Being efficient (much like our detectors!) I like to try to use one sample to tell multiple stories, so I grabbed a favorite ductile iron sample, which has both carbon for low energy performance and iron for high speed mapping.  My first notable point was that I could run the count rate up to 750 K CPS input with max output at 60% deadtime and still obtain an excellent carbon peak in a spectrum extracted from a map (Figure 1).  At these high count rates, older technology detectors cannot maintain this type of performance, and we’ve even seen carbon dropping off at 500 K CPS, our previous best, which was also an industry high.  And by dropping off, I really do mean that the spectrum will no longer show a carbon peak as the spectrum no longer displays the peak at all, or in some cases, a highly distorted peak with little differentiation from the background.  So, by achieving a carbon map at one and a half times the highest count rate ever achieved before, I felt I really shattered previous limits.  I didn’t stop there, but pushed the count rate up to 1.5 M CPS input and still was able to detect the carbon peak, albeit with some degradation in the quality of the spectrum.

Figure 1 shows a clear display of the quality low energy performance even extracted extracted from a high speed map collected at 750 KCPS.

But why stop there?  As I was already ramping up the count rate, I figured I’d continue as far as I could, and I opened the aperture all the way on our thermal FEG.  At this point, I was running our SEM at 20 kV and max aperture, which would mean a beam current at or above 100 nA.  This is really not an achievement in itself, since most all thermal FEGs can get there, and this SEM is 15 years old, so it’s not a new type of achievement.  The steel sample was conductive, of course, making it suitable for this condition, but it was mounted in a non-conductive mount, so I had it grounded simply with carbon tape.

Once I opened the aperture, I had to do a double take at the CPS since that was a lot of numbers, and I actually counted to make sure I had it right – we were at 2.8 M CPS input!  The reason I had a hard time believing this is that normally at that count rate, the detector would saturate and this time it did not.  I was certain at that moment that I had broken our new detector and what I was seeing must be noise, because even just getting those counts without the detector turning off is a feat.  So, of course I had to collect data to see what the quality was.  And while the dead time was high at >90%, I was still able to collect a phase map (Figure 2) where both the low energy elements and higher energy steel were solved by the phase map routine in just a few passes.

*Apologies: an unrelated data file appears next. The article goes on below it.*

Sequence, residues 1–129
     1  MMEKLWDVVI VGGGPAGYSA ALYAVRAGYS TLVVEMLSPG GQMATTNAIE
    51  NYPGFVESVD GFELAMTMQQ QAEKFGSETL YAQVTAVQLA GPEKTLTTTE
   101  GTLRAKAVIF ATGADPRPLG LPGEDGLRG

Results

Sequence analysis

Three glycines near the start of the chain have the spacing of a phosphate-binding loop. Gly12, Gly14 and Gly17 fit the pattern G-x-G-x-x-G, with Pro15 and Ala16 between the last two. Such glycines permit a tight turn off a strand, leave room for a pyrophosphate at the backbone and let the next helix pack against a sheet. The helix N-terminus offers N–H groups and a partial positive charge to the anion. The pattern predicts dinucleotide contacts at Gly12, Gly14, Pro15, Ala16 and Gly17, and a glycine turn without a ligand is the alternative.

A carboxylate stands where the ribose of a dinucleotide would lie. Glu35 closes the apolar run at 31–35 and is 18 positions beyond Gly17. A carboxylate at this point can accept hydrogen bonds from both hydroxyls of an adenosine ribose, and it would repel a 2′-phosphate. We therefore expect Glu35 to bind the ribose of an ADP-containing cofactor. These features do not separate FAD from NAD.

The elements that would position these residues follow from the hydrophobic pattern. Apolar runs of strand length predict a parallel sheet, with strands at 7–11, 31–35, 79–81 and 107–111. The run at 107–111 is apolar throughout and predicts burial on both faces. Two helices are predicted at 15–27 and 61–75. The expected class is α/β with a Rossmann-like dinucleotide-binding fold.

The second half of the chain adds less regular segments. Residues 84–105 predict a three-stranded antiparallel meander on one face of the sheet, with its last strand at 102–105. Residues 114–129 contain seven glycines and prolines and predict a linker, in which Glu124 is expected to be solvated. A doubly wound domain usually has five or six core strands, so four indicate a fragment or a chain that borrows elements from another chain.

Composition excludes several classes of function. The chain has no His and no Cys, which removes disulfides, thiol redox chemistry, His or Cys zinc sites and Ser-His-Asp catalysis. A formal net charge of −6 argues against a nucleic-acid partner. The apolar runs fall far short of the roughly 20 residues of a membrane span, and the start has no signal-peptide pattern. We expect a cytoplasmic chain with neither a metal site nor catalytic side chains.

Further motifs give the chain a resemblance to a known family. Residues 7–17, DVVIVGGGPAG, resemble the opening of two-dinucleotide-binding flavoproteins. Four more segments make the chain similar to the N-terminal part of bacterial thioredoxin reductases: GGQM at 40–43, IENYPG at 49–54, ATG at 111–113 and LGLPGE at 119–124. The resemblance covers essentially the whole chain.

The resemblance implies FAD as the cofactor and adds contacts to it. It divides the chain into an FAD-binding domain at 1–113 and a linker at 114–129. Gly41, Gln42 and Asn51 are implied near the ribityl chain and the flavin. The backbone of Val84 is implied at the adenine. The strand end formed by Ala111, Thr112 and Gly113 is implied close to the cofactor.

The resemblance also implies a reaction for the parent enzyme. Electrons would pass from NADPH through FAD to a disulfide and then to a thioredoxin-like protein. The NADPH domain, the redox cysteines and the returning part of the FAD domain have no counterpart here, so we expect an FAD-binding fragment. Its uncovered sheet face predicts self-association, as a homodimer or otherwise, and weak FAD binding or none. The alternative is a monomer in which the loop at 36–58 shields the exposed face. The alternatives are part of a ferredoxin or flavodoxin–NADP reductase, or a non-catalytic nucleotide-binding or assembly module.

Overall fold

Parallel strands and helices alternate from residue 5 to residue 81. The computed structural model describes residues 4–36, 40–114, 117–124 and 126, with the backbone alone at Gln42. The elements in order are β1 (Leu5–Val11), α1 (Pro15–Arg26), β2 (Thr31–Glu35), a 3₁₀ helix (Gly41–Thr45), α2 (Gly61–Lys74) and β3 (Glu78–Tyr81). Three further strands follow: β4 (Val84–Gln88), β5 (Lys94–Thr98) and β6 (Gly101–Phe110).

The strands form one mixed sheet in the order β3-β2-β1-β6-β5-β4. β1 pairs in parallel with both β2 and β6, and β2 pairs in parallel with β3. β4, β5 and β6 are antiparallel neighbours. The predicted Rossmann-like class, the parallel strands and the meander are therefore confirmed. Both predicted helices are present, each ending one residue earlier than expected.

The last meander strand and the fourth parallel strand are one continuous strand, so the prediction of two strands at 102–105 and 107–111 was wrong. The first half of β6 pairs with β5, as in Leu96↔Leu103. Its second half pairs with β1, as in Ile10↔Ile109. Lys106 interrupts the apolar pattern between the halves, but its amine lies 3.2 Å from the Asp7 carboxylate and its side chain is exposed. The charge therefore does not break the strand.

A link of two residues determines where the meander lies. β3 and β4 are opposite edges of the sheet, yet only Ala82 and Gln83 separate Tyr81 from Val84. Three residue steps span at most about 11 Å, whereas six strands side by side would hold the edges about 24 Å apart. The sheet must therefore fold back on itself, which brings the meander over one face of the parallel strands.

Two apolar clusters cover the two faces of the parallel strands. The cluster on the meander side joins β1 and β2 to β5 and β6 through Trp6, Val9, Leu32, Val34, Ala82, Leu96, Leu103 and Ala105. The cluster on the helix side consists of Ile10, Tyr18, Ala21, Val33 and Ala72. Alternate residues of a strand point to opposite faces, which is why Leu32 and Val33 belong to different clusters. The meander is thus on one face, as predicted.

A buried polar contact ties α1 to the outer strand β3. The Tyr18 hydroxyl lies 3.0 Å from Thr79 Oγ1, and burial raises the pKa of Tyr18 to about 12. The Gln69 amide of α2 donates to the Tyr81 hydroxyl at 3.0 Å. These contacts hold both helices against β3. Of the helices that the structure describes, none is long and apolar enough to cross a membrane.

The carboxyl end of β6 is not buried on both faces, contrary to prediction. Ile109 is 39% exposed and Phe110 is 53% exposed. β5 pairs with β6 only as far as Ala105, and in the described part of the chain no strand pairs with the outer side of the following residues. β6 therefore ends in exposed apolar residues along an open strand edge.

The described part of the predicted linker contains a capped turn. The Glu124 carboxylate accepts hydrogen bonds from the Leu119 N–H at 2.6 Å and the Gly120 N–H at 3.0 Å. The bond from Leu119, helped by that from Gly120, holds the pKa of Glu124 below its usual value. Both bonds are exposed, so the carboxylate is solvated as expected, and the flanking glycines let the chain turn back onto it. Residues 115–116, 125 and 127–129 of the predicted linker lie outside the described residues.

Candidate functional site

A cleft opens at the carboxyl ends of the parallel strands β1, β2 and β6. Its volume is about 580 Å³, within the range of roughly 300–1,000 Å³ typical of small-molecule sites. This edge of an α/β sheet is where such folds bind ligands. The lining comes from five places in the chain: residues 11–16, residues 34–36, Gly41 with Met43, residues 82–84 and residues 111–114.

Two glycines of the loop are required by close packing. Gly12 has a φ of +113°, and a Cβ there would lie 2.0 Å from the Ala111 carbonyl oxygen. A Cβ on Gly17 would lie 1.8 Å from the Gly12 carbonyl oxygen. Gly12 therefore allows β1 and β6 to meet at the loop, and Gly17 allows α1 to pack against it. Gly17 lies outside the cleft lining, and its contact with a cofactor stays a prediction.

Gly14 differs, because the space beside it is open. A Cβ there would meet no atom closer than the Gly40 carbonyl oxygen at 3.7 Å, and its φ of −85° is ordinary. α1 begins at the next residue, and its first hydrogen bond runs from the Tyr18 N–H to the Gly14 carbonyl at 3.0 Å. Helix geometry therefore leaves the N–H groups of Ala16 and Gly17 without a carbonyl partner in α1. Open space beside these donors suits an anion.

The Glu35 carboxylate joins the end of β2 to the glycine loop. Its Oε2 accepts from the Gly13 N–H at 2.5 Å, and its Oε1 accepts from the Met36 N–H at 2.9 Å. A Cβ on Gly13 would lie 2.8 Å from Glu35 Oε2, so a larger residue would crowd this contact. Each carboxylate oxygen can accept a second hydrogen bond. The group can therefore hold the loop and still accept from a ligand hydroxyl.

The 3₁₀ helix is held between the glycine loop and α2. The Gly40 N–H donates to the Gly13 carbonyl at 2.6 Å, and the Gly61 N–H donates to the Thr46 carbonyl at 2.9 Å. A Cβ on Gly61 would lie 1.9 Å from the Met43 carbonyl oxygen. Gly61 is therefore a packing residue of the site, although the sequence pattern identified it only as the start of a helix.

These detectors have a great many additional performance enhancements with the Silicon Nitride window, vacuum encapsulation and CUBE electronics, but this example serves as a good display of the payoff of all combined, and this work would not be possible without the benefits of all of these aspects together.

To also address the windowless comments that I’ve gotten since my webinar, in summary, that’s an altogether different product.  Our Octane Elite is a mainstream, general purpose detector that has all of these performance benefits, while the windowless serves more of a niche set of applications.  I’ve had a windowless detector in my lab for years now and I’ll be very honest, it sits unused on a bench and I only mount it when I have a special requirement. My detector of choice, given my unlimited detector options, is absolutely the Octane Elite.

Figure 2 shows the highest x-ray map ever collected at EDAX at 2.8 million counts per second at 20 kV with the Octane Elite detector technology. Steel matrix is shown in red and graphite nodules are blue.

On a side note – we’re currently looking to fill an EBSD apps position in our NJ lab, and as I describe the job to potential candidates, I’m always drawn to some of the real highlights that an applications position offers someone in the technology field.  I hope this blog today captures it perfectly.  As an apps person, we bridge the area between commercial and development, or customer and engineering.  In fact, it’s even part of our mission statement that the applications group understands the real world customer needs and translates them into the product development process at EDAX for our future products.  This in turn, strengthens our products and services to meet the most important needs, those of our customers and those that further the technology into groundbreaking directions like this never before achieved detector performance.

Windows of Opportunity?

Dr. Patrick Camus, Director of Research and Innovation, EDAX

You may have heard of a new breed of SDD that has an ultra-thin Silicon-Nitride (Si3N4) window. Its main advantage over traditional polymer windows is its significantly higher low-energy sensitivity. In addition, it is both moisture and plasma-cleaning tolerant which permits the true vacuum sensor environment to persist for the lifetime of the detector.

If you have concerns about the robustness of this new window, watch this video, which shows some informal torture tests being performed. You will come away astounded at the results.

Click here for more information on EDAX detectors using a silicon nitride window:
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Octane Elite